This primal uniqueness naturally wants to assert and express itself, but some experience it more strongly than others. With Masters it is so strong that it feels like something that has its own external reality—a force, a voice, destiny. In moments when we engage in an activity that corresponds to our deepest inclinations, we might experience a touch of this: We feel as if the words we write or the physical movements we perform come so quickly and easily that they are coming from outside us. We are literally “inspired,” the Latin word meaning something from the outside breathing within us. Let us state it in the following way: At your birth a seed is planted. That seed is your uniqueness. It wants to grow, transform itself, and flower to its full potential. It has a natural, assertive energy to it. Your Life’s Task is to bring that seed to flower, to express your uniqueness through your work. You have a destiny to fulfill. The stronger you feel and maintain it—as a force, a voice, or in whatever form—the greater your chance for fulfilling his Life’s Task and achieving mastery.
What weakens this force, what makes you not feel it or even doubt its existence, is the degree to which you have succumbed to another force in life—social pressures to conform. This counterforce can be very powerful. You want to fit into a group. Unconsciously, you might feel that what makes you different is embarrassing or painful. Your parents often act as a counterforce as well. They may seek to direct you to a career path that is lucrative and comfortable. If these counterforces become strong enough, you can lose complete contact with your uniqueness, with who you really are. Your inclinations and desires become modeled on those of others.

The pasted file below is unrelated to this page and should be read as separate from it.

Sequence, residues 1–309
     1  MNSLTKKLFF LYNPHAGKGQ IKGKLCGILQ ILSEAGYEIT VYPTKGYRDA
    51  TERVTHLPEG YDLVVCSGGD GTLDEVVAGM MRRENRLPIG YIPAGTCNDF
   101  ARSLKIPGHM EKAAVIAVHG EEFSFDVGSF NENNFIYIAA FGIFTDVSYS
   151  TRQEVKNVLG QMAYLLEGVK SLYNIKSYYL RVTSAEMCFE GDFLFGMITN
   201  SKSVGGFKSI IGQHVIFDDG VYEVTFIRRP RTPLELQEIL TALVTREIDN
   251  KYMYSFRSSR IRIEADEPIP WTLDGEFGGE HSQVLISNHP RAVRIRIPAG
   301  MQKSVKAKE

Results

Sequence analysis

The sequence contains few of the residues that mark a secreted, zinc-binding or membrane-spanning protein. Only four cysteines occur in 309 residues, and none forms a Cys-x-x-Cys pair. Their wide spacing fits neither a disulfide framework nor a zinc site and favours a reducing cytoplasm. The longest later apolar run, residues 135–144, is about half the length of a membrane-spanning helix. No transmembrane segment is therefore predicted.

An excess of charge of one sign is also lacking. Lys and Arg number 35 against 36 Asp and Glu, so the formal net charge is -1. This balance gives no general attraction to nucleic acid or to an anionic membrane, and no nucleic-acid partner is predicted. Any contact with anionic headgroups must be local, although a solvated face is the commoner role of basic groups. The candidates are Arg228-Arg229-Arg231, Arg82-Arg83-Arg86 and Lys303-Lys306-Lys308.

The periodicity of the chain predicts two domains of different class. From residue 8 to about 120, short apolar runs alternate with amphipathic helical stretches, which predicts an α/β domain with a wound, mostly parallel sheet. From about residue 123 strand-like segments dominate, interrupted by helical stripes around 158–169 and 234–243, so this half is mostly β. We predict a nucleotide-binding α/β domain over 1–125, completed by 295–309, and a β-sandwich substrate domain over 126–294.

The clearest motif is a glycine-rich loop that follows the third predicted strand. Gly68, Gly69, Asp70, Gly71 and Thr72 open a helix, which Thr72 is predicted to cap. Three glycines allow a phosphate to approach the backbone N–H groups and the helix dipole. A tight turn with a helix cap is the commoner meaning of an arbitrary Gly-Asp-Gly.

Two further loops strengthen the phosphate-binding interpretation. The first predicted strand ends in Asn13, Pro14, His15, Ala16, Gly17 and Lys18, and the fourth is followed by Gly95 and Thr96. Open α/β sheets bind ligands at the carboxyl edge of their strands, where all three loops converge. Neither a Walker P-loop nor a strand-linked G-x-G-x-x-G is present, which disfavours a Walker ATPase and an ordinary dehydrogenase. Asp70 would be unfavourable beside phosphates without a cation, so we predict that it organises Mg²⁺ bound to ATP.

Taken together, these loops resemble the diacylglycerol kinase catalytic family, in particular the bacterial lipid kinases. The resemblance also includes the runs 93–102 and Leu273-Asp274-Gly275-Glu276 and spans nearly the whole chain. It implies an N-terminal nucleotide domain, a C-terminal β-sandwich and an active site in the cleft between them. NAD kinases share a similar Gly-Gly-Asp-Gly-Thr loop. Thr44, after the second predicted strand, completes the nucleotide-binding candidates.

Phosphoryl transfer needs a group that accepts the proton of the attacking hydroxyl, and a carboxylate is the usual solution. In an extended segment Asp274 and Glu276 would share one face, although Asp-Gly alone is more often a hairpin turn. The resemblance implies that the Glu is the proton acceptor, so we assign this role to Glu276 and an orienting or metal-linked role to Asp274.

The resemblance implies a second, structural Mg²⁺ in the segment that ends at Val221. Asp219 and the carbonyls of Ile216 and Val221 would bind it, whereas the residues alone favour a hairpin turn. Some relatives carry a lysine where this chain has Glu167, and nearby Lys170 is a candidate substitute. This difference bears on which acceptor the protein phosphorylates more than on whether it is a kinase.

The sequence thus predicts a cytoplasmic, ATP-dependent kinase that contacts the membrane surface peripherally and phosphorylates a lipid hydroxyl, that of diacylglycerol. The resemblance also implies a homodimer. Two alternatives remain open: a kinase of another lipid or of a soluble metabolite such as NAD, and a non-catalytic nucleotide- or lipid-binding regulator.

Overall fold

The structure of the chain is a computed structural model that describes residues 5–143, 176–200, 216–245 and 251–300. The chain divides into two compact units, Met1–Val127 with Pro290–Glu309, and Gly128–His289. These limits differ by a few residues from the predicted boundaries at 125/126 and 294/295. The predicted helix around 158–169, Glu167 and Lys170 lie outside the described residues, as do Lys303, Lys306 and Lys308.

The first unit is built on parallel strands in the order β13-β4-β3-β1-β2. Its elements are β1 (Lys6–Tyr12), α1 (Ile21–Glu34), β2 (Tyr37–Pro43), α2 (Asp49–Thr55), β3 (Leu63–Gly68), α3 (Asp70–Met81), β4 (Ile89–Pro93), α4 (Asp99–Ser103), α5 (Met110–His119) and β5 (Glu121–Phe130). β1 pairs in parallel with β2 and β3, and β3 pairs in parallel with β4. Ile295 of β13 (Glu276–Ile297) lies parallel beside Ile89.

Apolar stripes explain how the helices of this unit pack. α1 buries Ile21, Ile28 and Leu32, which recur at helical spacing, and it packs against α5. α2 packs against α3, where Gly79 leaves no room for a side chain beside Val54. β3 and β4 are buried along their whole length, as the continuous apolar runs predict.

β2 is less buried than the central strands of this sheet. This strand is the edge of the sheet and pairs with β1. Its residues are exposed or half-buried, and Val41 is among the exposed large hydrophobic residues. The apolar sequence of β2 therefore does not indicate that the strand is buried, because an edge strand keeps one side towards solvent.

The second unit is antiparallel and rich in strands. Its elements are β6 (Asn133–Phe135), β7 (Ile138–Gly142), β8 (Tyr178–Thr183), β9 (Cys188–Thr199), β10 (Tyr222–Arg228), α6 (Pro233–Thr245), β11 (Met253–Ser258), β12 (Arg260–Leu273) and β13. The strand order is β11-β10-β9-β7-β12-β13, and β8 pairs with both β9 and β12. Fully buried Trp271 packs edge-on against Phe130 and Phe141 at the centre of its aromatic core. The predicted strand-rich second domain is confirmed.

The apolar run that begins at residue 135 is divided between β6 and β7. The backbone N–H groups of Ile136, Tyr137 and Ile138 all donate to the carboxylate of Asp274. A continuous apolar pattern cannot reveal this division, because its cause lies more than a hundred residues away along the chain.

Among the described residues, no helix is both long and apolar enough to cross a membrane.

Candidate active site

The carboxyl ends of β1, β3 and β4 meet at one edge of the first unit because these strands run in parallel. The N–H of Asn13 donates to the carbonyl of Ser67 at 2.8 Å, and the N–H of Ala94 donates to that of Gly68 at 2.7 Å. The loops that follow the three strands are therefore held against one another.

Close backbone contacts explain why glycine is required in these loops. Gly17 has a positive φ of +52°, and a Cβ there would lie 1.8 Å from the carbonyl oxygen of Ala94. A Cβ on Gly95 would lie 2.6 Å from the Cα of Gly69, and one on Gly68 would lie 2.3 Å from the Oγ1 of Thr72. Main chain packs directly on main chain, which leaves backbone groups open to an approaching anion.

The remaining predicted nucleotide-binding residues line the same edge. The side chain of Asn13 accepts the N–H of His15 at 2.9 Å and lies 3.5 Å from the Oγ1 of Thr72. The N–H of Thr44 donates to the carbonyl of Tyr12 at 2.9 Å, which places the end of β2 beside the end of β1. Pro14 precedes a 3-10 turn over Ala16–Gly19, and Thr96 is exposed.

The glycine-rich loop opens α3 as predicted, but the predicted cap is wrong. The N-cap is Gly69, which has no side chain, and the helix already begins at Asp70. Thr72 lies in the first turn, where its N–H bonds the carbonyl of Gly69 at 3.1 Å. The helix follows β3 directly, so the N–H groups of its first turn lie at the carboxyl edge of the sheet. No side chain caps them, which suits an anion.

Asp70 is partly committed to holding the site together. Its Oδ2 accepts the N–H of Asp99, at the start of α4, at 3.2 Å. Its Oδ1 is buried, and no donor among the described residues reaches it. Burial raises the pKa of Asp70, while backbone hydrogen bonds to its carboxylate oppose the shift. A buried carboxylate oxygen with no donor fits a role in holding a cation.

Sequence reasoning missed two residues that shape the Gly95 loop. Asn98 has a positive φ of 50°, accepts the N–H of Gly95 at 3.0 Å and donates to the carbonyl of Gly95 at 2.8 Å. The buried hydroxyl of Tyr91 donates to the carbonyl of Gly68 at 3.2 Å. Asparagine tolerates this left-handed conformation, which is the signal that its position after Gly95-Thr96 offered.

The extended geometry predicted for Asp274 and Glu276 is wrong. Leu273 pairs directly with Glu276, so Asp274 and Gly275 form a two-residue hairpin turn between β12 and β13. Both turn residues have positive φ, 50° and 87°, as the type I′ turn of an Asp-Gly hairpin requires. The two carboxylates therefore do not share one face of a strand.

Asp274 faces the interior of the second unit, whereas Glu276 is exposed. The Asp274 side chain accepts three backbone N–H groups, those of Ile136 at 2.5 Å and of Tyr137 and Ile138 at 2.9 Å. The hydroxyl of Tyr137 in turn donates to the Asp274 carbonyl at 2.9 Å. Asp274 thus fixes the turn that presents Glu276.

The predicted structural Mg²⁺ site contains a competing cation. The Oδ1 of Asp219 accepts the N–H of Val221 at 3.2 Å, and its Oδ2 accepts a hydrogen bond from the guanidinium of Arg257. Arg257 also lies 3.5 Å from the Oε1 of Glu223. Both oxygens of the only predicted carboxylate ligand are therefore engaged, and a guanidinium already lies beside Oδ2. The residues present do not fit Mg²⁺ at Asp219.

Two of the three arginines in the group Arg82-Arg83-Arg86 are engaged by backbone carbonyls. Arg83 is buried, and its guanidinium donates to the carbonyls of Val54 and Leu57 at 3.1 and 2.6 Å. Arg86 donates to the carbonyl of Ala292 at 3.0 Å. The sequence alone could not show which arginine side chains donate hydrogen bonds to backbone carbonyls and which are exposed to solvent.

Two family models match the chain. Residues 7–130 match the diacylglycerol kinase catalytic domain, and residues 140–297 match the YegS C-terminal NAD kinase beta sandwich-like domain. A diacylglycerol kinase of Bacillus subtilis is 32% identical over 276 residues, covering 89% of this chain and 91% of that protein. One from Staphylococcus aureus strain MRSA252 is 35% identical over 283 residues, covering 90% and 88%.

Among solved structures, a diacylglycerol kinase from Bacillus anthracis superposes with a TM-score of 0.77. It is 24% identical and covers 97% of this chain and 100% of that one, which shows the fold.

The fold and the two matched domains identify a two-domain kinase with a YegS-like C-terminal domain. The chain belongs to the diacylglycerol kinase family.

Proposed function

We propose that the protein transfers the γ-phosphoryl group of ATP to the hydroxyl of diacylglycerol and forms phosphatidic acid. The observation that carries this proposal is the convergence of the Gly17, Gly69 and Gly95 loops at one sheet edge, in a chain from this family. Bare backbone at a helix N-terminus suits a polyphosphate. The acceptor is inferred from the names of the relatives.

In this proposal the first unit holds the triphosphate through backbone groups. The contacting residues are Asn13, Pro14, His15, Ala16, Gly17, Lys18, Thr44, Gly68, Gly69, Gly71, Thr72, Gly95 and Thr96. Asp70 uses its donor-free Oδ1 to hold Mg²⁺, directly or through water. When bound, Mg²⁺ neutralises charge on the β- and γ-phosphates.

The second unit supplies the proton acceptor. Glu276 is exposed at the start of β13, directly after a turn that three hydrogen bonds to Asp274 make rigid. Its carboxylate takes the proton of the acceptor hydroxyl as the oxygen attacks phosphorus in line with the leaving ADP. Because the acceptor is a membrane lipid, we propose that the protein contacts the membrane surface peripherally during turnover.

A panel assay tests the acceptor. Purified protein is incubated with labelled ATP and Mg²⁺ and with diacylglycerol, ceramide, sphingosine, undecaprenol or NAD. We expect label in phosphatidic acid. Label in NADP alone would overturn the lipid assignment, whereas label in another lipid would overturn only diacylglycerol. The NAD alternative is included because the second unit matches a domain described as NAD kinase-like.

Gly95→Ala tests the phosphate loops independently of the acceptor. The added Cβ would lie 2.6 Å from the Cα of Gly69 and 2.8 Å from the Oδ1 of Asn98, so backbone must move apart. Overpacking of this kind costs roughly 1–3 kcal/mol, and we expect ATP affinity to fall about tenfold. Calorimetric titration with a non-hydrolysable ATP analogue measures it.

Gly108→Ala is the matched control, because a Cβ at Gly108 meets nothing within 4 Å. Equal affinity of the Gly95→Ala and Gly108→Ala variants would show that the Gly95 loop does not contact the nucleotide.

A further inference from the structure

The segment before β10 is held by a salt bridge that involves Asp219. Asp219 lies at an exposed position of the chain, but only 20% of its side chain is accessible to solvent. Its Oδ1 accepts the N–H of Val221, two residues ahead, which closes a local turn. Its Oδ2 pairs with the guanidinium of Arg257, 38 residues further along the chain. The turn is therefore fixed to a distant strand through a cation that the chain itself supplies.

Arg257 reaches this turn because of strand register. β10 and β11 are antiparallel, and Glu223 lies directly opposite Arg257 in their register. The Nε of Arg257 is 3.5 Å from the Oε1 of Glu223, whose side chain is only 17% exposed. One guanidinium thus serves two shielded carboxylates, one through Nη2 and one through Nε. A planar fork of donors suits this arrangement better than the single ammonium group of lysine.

This can set you off on a very dangerous path. You end up choosing a career that does not really suit you. Your desire and interest slowly wane and your work suffers for it. You come to see pleasure and fulfillment as something that comes from outside your work. Because you are increasingly less engaged in your career, you fail to pay attention to changes going on in the field—you fall behind the times and pay a price for this. At moments when you must make important decisions, you flounder or follow what others are doing because you have no sense of inner direction or radar to guide you. You have broken contact with your destiny as formed at birth.
At all cost you must avoid such a fate. The process of following your Life’s Task all the way to mastery can essentially begin at any point in life. The hidden force within you is always there and ready to be engaged. The process of realizing your Life’s Task comes in three stages: